Monday, January 11, 2010 0 comments

Canadian accused of terrorist plot apparently was trying to blow up the TSX

Apparently the ringleader accused of a terrorist plot in Toronto was trying to blow up the Toronto Stock Exchange, among other buildings. According to The Globe & Mail, he is also said to have contemplated a plan to short-sell stocks before blowing up the exchange:

It's alleged that Mr. Abdelhaleem was a key player, and was particularly fixated with blowing up the Toronto Stock Exchange building in a bid “to affect the economy, to make it lose half a trillion dollars,” according to Crown allegations.


The case against him, according to police, includes a recording of him describing the al-Qaeda-inspired plot. This included detonating a two-tonne fertilizer bomb that was to be built in hopes of destroying the TSE building and the three blocks around it.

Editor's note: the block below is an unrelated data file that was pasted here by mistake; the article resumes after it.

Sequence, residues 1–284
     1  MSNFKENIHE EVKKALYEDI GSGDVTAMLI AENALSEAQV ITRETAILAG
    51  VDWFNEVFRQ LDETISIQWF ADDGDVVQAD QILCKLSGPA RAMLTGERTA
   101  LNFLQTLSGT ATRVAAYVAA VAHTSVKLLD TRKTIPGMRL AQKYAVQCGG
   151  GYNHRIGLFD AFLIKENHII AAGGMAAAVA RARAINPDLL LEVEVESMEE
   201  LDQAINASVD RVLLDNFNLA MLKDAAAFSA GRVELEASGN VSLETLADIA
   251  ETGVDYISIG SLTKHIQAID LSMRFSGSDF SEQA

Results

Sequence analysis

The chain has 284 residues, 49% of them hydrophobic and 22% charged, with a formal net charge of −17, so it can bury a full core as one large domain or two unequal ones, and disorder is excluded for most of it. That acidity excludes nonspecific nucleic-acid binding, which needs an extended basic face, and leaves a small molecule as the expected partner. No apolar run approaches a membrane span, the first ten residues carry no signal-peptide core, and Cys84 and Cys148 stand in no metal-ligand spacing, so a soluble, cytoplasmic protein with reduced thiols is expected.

Mr. Abdelhaleem allegedly said he would short-sell stocks ahead of the bombing, to reap a windfall that could be used to fund more terror attacks in cities like Chicago and New York.

I just wanted to highlight this story because it shows the emergence of a new type of financial terrorism. What was once relegated to fictional movies and novels, is playing out in the real life now. Terrorist groups like Al-Qaeda primarily target political targets now (WTC, Pentagon, Kenyan Embassy, popular airlines, etc) but if they ever focus on financial terrorism, the consequences would be immense.

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